Bull Management Considerations
by Troy Smith for Angus Productions Inc.
NASHVILLE, TENN. (Aug. 6, 2010) — When maintaining one herd sire or a large battery of bulls for natural service, a manager’s goals are much the same as the producer making extensive use of artificial insemination (AI). The herd manager wants females bred early in the breeding season and high pregnancy rates. He or she wants the highest possible number of offspring from bulls with the greatest genetic value. And the manager wants to achieve all of that as economically as possible.
“We can evaluate bull fertility, but we don’t have the ability to adequately predict breeding performance or libido,” said University of Georgia Veterinarian Roger Ellis. “That has to be observed.”
But University of Georgia veterinarian Roger Ellis fears many managers do not capture the full potential and breeding power of their bulls. During the Applied Reproductive Strategies in Beef Cattle (ARSBC) Conference in Nashville, Tenn., Ellis discussed management considerations that could help producers optimize return on their investments in breeding bulls.
“All bulls do not perform equally,” warned Ellis. “There can be significant variability in fertility and reproductive performance among bulls. And the same bull’s performance can vary year to year or even between one breeding cycle and the next.”
According to Ellis, 25% to 40% of bulls do not perform optimally, either because of subfertility or because they are inefficient breeders. There are many reasons, with the leading causes being physical faults or injury. Other reasons range from disease, nutritional and environmental effects to hindering social or sexual behavior. Bulls won’t perform up to expectations, added Ellis, unless they possess essential attributes, including the capacity to produce functionally normal sperm, the physical capability and a willingness to breed cows.
“Additionally, bulls must be adaptable to survive environmental challenges and social hierarchy. They also need some luck, to remain injury free,” said Ellis.
Offering tips for prebreeding management, Ellis advised producers to acquire new bulls at least 60 days prior to breeding season to allow adequate time for them to adapt to the new environment. He recommended testing for persistent infection with bovine viral diarrhea virus (BVDV), trichomoniasis and Johne's disease. All bulls, he added, should be subjected to a complete breeding soundness examination prior to turn-out. With regard to body condition, Ellis recommended having yearling bulls in body condition score (BCS) 6, while mature bulls can be in BCS 5 or 6.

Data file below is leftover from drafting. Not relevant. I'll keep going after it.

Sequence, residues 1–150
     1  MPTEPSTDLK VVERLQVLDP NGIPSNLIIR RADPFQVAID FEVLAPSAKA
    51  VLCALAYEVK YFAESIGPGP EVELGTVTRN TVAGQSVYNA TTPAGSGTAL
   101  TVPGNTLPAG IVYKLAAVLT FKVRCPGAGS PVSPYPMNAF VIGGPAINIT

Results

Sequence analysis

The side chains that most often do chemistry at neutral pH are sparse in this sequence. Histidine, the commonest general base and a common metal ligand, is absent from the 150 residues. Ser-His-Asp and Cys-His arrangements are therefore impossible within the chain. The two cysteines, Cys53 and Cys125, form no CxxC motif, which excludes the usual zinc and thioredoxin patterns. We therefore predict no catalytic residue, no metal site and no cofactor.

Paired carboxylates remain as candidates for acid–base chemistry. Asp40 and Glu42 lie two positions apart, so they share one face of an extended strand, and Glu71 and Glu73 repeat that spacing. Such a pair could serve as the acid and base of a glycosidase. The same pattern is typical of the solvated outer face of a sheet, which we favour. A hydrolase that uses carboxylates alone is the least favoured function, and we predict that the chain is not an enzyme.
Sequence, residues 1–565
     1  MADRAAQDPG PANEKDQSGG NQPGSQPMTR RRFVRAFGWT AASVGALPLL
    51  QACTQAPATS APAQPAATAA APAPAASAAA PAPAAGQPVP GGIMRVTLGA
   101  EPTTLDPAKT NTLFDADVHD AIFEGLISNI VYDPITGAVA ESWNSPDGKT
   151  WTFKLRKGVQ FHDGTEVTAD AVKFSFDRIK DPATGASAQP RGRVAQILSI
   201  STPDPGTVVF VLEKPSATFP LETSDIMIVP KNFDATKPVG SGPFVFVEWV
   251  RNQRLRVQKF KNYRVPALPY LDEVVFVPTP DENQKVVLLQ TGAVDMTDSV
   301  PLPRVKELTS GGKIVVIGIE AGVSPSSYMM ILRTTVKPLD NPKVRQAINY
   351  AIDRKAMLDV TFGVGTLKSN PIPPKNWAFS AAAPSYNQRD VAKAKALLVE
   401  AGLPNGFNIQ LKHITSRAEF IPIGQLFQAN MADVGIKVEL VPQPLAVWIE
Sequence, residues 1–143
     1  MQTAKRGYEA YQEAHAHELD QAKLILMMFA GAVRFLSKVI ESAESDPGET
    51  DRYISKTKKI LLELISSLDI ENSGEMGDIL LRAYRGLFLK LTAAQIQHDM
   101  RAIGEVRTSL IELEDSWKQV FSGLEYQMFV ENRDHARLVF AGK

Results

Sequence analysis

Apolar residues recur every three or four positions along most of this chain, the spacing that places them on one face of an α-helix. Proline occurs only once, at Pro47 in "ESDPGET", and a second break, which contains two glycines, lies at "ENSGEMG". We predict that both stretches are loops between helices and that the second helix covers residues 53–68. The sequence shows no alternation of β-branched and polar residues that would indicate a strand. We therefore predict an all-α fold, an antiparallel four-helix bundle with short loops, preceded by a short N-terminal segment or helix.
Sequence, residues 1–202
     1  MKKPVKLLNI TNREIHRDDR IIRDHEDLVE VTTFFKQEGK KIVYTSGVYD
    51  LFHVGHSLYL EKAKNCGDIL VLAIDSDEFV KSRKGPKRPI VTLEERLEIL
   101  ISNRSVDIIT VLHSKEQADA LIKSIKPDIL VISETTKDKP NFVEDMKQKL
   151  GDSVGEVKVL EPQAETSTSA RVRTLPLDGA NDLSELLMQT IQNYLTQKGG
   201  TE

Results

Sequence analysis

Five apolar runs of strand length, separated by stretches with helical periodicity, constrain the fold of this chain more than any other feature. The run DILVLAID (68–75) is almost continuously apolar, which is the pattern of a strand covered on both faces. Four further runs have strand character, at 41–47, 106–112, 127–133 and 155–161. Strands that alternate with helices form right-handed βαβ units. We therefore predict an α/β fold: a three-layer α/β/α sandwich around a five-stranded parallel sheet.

Calling proper bull-to-cow ratio very important, Ellis said the recommendation for yearling bulls is no more than 20 cows, and 40 cows for mature bulls. For multi-sire breeding pastures, he advised producers to group bulls together by similarity in size and age. Ellis warned against running yearlings together with older bulls.
“Watch what’s going on in the pasture after putting bulls with cows,” urged Ellis. “We can evaluate bull fertility, but we don’t have the ability to adequately predict breeding performance or libido. That has to be observed.”
Ellis noted that estrous synchronization can also be used successfully with natural service, to get more cows bred early in the breeding season. However, producers should make sure they have adequate bull power. He also recommended that bulls be turned with cows prior to the onset of maximum estrous activity. Nor is it wise to have synchrony overly tight, or a bulls performance may wane before he gets his job done.
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